Adults

The Failed Lemonade Stand

I was the kind of kid who would do anything to make money. Whether it was washing the car or watching my little brother, I jumped at the chance to make an extra dollar.

In the summer after fifth grade, I decided that I wanted to set up a lemonade stand at our neighborhood pool. My parents said that was fine, but I would have to pay for the supplies.

After recruiting my brother as a co-investor, Mom took me to the grocery store where I learned that investing in a lemonade stand wasn’t cheap. After getting cups, lemonade mix, ice, and a cooler, I realized that I needed to sell a lot of lemonade to make a profit.

As the day went on, I grew more and more disappointed with my results. Even though I sold a few cups of lemonade, I was still in the hole. Worse yet, my business partner/brother had abandoned me to play in the pool. “Does he have to cover more of our debt if I ended up doing all the work?” I asked my mom.

Looking back, I can see that working that lemonade stand taught me a lot about earning money. While I felt like a failure in the moment, I now realize that the situation was a great lesson.

Called to Action

I love being active. I love playing sports and games, exploring new neighborhoods, and doing hands-on projects that show others love and compassion. This call to action is apparent in our Christian life in many ways. Nowhere in Scripture are we told to sit tight and watch the work of the Lord. We are called to take up our cross and follow the Lord—through action. This is great news! We get to be an active part of God’s plan for His people.

For many years, I’ve been active in missions, taking trips to places like Thailand, Haiti, and even Iowa, but God has more often and with more impact called me to action in the places I have lived. There is nothing like the joy of seeing a friend or neighbor come to know Christ. There is greater love shared through continuous relationship with those hurting around us.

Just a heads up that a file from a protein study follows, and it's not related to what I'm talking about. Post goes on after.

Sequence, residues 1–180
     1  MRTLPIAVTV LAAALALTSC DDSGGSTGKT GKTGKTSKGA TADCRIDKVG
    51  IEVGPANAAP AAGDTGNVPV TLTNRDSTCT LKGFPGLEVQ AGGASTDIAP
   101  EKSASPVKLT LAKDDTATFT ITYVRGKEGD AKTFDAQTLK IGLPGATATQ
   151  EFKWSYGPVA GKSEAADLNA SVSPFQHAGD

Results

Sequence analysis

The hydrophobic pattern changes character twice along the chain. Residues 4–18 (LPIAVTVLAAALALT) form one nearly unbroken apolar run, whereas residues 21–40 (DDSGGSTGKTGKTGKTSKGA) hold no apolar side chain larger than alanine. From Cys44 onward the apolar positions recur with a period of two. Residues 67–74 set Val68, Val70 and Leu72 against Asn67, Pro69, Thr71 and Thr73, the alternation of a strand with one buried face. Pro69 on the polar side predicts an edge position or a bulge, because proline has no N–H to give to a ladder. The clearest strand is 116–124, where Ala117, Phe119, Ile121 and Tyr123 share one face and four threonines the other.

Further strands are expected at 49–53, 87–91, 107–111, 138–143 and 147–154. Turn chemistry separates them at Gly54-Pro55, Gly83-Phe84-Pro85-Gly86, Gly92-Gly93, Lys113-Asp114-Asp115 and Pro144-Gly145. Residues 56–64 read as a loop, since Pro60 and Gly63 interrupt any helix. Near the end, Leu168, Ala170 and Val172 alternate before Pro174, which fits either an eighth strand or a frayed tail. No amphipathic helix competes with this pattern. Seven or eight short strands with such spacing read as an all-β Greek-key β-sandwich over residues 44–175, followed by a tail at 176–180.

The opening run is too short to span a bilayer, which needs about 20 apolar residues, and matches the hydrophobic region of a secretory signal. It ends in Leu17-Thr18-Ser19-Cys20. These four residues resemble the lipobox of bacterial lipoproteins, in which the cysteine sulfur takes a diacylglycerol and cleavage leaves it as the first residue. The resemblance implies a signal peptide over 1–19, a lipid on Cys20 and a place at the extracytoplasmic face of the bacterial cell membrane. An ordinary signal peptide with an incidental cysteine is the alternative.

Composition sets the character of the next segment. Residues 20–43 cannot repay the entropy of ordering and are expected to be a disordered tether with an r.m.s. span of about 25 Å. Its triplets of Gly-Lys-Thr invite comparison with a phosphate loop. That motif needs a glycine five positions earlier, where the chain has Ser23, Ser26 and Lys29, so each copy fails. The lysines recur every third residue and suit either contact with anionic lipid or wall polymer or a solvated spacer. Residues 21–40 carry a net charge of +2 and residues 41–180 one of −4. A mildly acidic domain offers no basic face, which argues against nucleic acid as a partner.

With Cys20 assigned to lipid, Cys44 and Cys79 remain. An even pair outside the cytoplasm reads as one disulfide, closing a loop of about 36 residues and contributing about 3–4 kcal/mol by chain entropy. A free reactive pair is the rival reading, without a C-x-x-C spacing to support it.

Not-So-Nice People

I’m not sure how it fell on the ears or landed in the hearts of the disciples when Jesus called them to deny themselves, pick up their cross, and follow Him (Mark 8:34), but for me, it painted images of beautiful sacrifice.

I’m talking about teaching Bible stories under a scrubby tree in sub-Saharan Africa, climbing rocky hillsides to take the gospel to an unreached people group tucked in high-elevation villages, eating raw fish to take one for the team (the missions team, of course), or studying long hours over complicated Bible passages. These are the self-denying, cross-bearing activities I was ready to embrace. But when a selfish, whiny, paranoid woman wandered into my life and God told me to deny myself and love her unconditionally, well . . . it knocked me for a loop.

Don’t get caught up in the larger-than-life, grandiose ideas of what sacrificial living has to look like for a believer. It can be all those things, but it can also mean sitting at the bedside of an aging parent or learning to love a difficult person who has never known Christ’s love. Look far away and then look close to home: how is God calling you to deny yourself?

Hmong WMU

Hmong WMU

Celebrating the Heart of Missions

As the Minnesota-Wisconsin Hmong WMU prepares to celebrate the 20th anniversary of our May Retreat, we want to focus on the heart of missions.

As a Hmong woman, I am so grateful for the great love of my heavenly Father who reached out to every corner of the earth to bring His children to a relationship with Him. Missions is at the very heart of God. God loves His creation so much that He would sacrifice His only Son to bring His children back home.